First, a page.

Adam Silver on Expanding NBA Draft: 'Very, Very Preliminary Discussions'

Tyler Conway@jtylerconwayFeatured ColumnistJune 4, 2018

NBA Commissioner Adam Silver speaks at a news conference before Game 1 of basketball's NBA Finals between the Golden State Warriors and the Cleveland Cavaliers in Oakland, Calif., Thursday, May 31, 2018. (AP Photo/Jeff Chiu)
Jeff Chiu/Associated Press

NBA Commissioner Adam Silver said the league has had internal discussions about potentially expanding the draft to more than two rounds.

"We've thought about it. ... We've had very, very preliminary discussions with the Players Association about that," Silver said, per  of SB Nation.

Adding additional rounds to the draft would likely be aimed at the G League. The NBA expanded rosters to include a pair of "two-way" players per team in 2017-18 and is aiming to have a 30-team minor league system in place in the near future.

Draft changes must be collectively bargained, and it's likely an expansion would result in some trepidation from players. As it stands, undrafted players can play for multiple summer-league outfits and assess their best fit. There is almost an advantage to being undrafted versus being taken with a late second-round pick.

The easiest concession the league could make is the guaranteeing of second-round contracts. As it currently stands, only first-round picks have the first two years of their contracts guaranteed. Second-rounders must negotiate with their teams and often wind up signing deals that heavily favor the club.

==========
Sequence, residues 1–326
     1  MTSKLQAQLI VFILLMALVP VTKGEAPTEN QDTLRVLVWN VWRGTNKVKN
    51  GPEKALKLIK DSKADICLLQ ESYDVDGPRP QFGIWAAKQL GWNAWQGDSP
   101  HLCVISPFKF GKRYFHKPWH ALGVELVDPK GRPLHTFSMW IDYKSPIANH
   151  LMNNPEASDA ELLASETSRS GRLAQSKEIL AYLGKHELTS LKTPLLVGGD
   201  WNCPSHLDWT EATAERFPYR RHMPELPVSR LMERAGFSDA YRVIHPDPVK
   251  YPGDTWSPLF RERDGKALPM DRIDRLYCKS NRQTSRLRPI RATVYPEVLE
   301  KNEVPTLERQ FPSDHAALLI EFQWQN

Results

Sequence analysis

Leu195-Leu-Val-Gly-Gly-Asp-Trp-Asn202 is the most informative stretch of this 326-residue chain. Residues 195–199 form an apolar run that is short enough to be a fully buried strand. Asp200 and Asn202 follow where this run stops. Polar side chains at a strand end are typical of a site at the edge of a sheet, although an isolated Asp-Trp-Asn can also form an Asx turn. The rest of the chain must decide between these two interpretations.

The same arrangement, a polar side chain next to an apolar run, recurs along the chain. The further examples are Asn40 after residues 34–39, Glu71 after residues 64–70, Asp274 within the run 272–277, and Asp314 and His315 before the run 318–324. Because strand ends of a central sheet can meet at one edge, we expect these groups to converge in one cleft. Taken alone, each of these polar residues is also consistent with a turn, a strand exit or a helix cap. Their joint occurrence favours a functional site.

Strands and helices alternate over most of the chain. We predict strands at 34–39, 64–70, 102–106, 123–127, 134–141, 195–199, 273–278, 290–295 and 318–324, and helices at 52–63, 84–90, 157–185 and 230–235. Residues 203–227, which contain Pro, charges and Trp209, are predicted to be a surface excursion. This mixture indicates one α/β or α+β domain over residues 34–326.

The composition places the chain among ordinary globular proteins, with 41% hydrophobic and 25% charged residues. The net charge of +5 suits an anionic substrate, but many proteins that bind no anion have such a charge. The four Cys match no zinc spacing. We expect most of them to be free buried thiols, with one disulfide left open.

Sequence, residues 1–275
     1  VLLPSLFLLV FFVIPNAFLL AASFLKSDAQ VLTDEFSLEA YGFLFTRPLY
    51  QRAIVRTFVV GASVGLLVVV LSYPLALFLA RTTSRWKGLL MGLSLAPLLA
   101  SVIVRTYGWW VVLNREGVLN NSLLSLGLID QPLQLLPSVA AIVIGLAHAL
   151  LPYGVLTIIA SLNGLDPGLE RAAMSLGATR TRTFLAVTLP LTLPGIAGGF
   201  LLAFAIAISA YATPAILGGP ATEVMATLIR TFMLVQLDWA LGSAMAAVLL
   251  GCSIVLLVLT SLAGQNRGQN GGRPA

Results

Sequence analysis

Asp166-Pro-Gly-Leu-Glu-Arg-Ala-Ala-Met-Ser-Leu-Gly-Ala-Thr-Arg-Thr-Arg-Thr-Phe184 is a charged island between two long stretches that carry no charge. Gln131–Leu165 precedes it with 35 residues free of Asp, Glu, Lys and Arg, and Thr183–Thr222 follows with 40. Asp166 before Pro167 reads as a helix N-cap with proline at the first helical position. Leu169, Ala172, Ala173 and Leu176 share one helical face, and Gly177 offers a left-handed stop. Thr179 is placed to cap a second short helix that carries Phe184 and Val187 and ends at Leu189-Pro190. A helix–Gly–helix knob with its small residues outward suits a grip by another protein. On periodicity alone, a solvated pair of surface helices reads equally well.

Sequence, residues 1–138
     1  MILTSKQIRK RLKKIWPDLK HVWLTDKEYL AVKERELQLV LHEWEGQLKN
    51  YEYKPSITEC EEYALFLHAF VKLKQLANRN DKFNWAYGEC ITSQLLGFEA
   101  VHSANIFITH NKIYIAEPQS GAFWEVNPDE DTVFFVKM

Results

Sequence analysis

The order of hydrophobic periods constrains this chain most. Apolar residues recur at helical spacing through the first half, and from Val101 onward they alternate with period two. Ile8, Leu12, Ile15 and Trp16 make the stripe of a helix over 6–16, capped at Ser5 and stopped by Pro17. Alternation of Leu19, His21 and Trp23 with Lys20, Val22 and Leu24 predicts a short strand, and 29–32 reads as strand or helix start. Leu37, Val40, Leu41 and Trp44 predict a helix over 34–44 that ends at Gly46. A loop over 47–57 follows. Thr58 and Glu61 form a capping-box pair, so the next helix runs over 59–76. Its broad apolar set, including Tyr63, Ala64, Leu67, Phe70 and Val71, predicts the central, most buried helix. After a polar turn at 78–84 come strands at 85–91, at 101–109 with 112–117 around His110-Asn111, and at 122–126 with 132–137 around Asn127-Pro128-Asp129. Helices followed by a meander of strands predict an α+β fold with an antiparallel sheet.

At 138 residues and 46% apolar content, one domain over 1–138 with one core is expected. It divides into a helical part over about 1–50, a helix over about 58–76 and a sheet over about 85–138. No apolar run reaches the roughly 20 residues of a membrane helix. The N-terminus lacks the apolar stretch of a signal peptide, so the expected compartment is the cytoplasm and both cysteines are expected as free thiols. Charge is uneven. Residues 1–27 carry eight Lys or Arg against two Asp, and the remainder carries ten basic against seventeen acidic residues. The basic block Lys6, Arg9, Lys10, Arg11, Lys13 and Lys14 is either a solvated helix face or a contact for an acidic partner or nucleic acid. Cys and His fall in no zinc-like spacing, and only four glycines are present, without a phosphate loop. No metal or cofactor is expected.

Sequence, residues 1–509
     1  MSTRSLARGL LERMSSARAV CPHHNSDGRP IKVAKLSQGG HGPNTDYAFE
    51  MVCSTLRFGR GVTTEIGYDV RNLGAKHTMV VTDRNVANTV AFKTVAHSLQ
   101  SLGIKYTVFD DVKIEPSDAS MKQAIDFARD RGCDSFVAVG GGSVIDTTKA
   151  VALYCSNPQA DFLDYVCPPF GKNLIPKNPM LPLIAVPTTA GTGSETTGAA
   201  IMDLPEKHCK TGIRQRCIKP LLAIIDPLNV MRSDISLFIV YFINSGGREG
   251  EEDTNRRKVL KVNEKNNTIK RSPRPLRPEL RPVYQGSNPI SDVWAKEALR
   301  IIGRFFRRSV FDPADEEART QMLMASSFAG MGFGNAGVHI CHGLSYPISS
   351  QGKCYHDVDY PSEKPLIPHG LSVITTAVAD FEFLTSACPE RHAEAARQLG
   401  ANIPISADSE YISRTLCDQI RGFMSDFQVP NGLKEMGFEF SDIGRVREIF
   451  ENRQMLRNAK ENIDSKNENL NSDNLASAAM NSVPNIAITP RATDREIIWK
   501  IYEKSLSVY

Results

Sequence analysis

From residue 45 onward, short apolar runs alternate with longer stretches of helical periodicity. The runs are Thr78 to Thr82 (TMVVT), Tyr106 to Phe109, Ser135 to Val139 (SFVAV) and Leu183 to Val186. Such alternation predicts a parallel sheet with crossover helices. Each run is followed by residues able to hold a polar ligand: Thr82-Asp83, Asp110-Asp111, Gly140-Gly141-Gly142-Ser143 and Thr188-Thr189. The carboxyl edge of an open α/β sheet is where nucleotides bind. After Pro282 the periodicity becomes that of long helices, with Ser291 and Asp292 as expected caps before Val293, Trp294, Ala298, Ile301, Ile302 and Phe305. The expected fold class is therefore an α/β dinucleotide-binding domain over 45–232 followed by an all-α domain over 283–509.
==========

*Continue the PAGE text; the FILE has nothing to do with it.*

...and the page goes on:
The Philadelphia 76ers under former general manager Sam Hinkie were infamous for these option-heavy contracts for second-round or undrafted players. Robert Covington saw his 2017-18 salary increase by $15 million when he renegotiated his four-year, $62 million extension. TJ McConnell, another Sixers rotation player, is facing a $1.6 million team option for next season because of a deal he signed coming out of college.

These Hinkie-type contracts expanded a bit around the league before agents began pushing back. Finding a guarantee structure for at least second-rounders may make the Players Association more willing to discuss adding a third or fourth round to the draft.

As it stands now, there's no real benefit from a player perspective. Third- or fourth-rounders would be unlikely to see much (if any) guarantees and be beholden to one franchise rather than having their pick.

NBA draft rights also carry over if a player chooses to continue his career overseas, so a guy who stars in Europe after being a third- or fourth-rounder could wind up being attached to one team instead of negotiating on the open market.